State, ISMA not on same page about sugar estimate


Sugar prices in India depend to a large extent on supply from the leading producer, Maharashtra, but the state government and the Indian Sugar Mills Association (ISMA) differ considerably in their estimates of this year’s output, making forecasting prices hazardous.

ISMA has pegged drought-ridden Maharashtra’s 2016-17 sugar production at 62.7 lakh tonnes while the state’s sugar commissionerate expects output of just 50.28 lakh tonnes.

In 2015-16, Maharashtra had produced 83.4 lakh tonnes of sugar and India’s total output was 251 lakh tonnes.

According to ISMA’s first advance estimate for 2016-17, India’s sugar output is expected to decline 7% to 233.7 lakh tonnes this year.

However, the fall will be nearly 12% to 221.3 lakh tonnes if the state government's estimate is taken into consideration.

The main difference between the estimates of the two bodies is between the area projections. ISMA has taken cane area at 8.10 lakh hectares while the state government’s estimate is 6.33 lakh hectares.

Brushing aside indications that the satellite may not be able to differentiate between maize and sugarcane, ISMA officials said that over the past six years the association has developed the expertise to differentiate between these signals.

“We make estimate of cane production based on satellite images, of which, this is the sixth year. We do scientific calculation of cane area. Beyond that, it has to be done manually,” said ISMA director general Abinash Verma.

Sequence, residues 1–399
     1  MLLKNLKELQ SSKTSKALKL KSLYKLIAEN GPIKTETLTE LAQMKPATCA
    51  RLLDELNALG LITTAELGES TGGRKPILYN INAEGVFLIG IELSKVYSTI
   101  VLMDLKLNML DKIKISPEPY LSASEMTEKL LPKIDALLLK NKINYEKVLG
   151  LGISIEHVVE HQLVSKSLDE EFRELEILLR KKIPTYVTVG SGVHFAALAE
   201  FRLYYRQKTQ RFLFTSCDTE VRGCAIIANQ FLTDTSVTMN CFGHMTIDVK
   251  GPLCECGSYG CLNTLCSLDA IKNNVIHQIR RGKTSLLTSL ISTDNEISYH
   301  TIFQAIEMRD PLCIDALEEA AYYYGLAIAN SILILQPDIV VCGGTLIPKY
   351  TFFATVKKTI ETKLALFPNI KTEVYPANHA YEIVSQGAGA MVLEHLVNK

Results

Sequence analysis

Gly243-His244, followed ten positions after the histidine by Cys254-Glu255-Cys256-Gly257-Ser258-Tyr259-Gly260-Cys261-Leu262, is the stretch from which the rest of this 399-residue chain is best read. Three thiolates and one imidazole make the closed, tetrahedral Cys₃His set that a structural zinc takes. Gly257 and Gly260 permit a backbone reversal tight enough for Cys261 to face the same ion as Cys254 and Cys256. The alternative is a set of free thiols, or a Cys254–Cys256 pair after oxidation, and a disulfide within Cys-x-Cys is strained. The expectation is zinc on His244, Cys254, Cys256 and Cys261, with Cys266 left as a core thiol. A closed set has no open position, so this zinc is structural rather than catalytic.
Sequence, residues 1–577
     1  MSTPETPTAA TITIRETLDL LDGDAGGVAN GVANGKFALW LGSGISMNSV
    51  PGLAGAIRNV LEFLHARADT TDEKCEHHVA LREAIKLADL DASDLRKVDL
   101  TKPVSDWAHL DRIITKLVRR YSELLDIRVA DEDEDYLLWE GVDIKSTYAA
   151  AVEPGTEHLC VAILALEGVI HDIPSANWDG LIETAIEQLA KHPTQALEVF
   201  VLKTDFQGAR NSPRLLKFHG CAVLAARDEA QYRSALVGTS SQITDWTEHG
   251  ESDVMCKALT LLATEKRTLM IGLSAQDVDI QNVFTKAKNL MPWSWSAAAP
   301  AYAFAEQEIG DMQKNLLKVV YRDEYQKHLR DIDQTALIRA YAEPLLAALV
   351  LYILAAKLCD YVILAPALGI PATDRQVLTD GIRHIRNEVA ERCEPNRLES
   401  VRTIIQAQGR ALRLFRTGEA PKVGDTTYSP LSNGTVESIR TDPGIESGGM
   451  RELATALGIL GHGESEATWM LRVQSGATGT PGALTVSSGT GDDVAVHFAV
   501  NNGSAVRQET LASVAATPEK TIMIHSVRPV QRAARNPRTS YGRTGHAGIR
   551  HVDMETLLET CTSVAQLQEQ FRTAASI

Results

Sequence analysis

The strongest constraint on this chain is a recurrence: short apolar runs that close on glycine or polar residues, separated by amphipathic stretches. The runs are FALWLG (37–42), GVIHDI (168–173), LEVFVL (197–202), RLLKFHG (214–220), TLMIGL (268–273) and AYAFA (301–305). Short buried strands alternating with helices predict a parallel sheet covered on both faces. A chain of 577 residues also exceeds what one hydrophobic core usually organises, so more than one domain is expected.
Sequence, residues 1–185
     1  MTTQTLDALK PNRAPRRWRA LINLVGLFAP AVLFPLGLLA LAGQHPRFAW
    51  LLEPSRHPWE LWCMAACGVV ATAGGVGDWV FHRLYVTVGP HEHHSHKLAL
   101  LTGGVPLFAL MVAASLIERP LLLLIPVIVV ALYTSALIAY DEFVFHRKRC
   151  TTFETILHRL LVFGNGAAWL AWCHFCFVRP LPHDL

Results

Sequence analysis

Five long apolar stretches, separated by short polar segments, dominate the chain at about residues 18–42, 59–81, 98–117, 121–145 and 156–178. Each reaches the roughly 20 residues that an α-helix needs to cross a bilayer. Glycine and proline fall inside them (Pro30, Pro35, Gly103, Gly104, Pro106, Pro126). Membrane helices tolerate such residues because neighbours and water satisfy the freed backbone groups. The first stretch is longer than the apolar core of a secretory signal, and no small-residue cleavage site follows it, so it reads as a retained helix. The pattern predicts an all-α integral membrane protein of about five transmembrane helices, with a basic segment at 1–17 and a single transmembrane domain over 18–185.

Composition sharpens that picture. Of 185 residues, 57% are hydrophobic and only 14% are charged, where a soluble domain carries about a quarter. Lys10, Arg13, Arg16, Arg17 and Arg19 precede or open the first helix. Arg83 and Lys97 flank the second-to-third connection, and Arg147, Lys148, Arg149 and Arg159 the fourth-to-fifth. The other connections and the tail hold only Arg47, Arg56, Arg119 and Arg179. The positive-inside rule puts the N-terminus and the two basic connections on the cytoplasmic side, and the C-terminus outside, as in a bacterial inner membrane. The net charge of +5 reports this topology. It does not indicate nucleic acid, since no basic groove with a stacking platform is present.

ISMA’s first advance estimate for 2015-16 was 270 lakh tonnes, though, while the actual production was only 251 lakh tonnes.

The central government had then extended subsidy linked to exports to the sugar mills to help them make cane payments as the industry was plagued by subdued sugar prices due to “excess” production.

But as domestic prices started increasing, the Centre government stopped the export incentives scheme mid-way and turned its focus to price control measures such as imposition of stock limit, first on traders and then on millers, and imposition of 20% duty on sugar export.

“Our figures are based on the information from the agriculture department. Last year, there was difference of only 1% in our estimate and the actual figures,” said Vipin Sharma, commissioner (sugar), Maharashtra.  ..

This time, however, representatives of private as well as cooperative sugar mills from Maharashtra said, the estimate of the sugar commissioner’s office could be on the lower side. “We think that the sugar production can be 55 lakh tonnes to 58 lakh tonnes,” said BB Thombre, president of Western Indian Sugar Mills Association.

Maharashtra’s sugar millers said that productivity of cane can be higher than the government’s estimate of 78 tonnes per hectare due to good rainfall and delayed beginning of crushing operations.


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